Halo David, Thanks a lot for information that you share through this article. actually,if you don’t mind i would like to ask for your help david. I’m planning to create a failover from one aws account to another aws account with the help of Route 53 feature. I have tried your explanation, by inputting one elastic ip as primary and other elastic ip from other aws account as secondary so that when the health check assign failure the site will goes to my seconday aws account. but still i can’t get the failover function works properly in my aws account. please kindly inform me about how to manage it so that the failover can work properly in my aws account. thank you very much david.
Going to try this…. sounds good ty…. One question, our site is a very very busy social buddypress site running on wordpress multisite… A) How would we keep the 2 servers, as in content in DB synced? and i don’t mean replicating, if you have a social site e.g FB, how would you create failsafe fallover in AWS on EC2 then?
The other issue I have is we run EC2 instance costing us a bit as we are running a larger server, so creating another instance would double our costs? Would really need some advice here
That’s a tricky problem… Before I get into the technical option, have you considered CloudFlare?
First, I’m not sure Route53 is going to help much. Instead, you’re going to need an Elastic Load Balancer http://aws.amazon.com/elasticloadbalancing. This truly splits traffic between instance. 50% of the traffic goes to ‘EC2-One’ and 50% of the traffic goes to ‘EC2-Two’. Route53 Failover is more for “When EC2-One goes offline, switch all traffic to EC2-Two”.
With traffic split, you can get away with several (2 or more) slower EC2 instances. To keep your 2 (or more) servers in sync you need to have 1 database (My example: http://www.dave.kz/wp-relational-database-service/) and you need to RSYNC the files between the 2 machines. Here’s decent example of the whole setup: http://cykod.com/blog/post/2010-09-blogging-in-the-cloud-scaling-wordpress3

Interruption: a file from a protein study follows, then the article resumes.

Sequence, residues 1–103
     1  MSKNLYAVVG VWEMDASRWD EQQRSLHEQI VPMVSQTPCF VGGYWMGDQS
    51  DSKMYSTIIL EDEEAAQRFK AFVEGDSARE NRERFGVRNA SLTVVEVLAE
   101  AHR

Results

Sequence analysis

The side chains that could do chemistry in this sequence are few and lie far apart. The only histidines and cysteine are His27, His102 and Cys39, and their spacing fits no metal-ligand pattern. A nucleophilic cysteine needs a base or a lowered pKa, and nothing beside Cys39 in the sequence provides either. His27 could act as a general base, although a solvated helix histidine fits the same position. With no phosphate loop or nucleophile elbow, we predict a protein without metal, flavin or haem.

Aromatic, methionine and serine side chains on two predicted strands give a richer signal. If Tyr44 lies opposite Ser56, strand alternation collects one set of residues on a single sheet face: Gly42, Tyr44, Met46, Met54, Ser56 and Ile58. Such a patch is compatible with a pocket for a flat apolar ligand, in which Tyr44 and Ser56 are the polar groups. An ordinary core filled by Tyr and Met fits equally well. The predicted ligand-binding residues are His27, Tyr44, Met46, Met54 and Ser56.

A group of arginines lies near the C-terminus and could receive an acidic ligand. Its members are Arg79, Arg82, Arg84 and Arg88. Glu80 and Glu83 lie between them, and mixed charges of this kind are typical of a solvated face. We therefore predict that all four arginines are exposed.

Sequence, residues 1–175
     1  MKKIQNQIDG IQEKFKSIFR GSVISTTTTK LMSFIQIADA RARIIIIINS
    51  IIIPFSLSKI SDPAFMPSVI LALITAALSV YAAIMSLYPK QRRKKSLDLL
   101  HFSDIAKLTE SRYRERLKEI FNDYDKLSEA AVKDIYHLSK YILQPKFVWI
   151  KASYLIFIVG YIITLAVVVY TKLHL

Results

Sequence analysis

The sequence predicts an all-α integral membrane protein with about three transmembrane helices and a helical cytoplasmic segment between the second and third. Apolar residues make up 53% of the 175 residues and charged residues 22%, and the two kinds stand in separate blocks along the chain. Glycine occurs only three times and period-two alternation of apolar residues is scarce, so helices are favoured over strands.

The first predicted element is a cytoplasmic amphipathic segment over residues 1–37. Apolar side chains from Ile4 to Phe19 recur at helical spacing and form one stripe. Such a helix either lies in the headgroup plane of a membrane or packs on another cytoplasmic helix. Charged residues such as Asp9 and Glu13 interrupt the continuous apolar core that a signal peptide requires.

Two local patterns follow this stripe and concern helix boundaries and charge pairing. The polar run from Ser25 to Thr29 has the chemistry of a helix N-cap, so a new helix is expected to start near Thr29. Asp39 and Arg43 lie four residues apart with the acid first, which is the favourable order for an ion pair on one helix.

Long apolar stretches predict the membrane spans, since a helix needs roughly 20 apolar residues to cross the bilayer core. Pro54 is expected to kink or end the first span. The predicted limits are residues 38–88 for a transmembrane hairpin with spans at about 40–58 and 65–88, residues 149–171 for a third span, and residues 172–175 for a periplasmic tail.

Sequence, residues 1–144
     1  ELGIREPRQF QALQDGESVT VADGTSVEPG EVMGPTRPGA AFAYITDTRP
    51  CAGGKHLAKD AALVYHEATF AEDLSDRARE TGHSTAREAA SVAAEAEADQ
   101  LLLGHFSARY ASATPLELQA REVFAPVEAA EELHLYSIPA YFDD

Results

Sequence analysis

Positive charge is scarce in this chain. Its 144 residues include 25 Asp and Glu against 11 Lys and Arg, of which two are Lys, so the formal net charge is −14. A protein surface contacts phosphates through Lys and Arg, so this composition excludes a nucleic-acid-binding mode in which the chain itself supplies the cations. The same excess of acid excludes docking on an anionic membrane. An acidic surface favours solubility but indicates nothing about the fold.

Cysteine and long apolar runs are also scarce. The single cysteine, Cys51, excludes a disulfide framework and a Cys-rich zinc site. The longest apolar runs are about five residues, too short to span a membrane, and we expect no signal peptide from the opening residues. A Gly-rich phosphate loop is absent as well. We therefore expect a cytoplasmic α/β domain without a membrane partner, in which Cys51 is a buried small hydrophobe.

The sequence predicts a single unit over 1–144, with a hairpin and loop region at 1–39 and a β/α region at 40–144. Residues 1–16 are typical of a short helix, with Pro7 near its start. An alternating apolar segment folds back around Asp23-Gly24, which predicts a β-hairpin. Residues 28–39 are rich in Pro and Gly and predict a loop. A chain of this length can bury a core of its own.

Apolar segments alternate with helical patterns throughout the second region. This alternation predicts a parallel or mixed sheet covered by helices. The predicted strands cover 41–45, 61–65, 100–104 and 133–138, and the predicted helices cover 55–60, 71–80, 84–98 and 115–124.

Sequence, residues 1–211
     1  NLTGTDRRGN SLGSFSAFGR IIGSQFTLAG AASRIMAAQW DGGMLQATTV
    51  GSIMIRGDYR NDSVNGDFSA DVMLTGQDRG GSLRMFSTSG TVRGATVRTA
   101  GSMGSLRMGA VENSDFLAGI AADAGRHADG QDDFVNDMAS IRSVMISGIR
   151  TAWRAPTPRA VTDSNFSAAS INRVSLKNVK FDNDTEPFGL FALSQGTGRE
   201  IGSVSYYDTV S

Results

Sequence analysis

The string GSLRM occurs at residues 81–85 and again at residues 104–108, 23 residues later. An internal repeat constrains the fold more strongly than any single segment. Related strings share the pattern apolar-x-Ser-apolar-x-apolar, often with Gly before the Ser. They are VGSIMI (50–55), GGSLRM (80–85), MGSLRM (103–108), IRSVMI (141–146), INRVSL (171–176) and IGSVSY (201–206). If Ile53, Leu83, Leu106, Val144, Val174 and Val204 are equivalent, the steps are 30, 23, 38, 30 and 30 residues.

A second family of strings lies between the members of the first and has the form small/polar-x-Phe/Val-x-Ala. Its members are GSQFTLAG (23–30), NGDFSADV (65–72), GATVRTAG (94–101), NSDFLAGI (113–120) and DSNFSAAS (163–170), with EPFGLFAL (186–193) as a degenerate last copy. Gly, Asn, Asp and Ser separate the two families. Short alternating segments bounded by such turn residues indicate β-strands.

Hi, excuse me, about the health checks I don’t understand understand what counts as a “health check”, for example, if I need to check http status of a single server every 5 minutes then there is 8640 health checks in a month (and I need to pay 0.50 per health check / month 4320 USD?)? Or it’s only 1 health check because it’s the same server all the time? Thanks in advance.
It would only cost you $0.50 per month for a single health check that you have created. It won’t be $4320.
The title is misleading — DNS updates alone will not result in zero downtime. Browsers, operating systems and other DNS servers cache DNS information all the time. To truly have zero downtime will involve some kind of high availability proxy, like HA Proxy or a Cisco load balancer.
Underlining the Dan Esparza comment.
DNS is not a high availability solution, it’s a fault tolerance solution. You will have downtime and probably many applications, e.g. Java, which don’t refresh their DNS cache easily or don’t respect the TTL, will crash. If you aim for zero downtime, you need a Proxy Load Balance. However, that LB may fail.
If HA is a real concern, then you want to use Anycast (CloudFlare, Akamai, Google Global Load Balancer are options)
Agreed with the 2 comments above. Not every company respects TTL on your dns and it will be some time before the original equipment stops receiving requests. One decent option is to fail over DNS and wait 48 hours while having both systems live. After 48 hours, monitor traffic on the old system and then you can possibly avoid a large percentage of your customers experiencing downtime. I dunno, what do you guys think of that solution?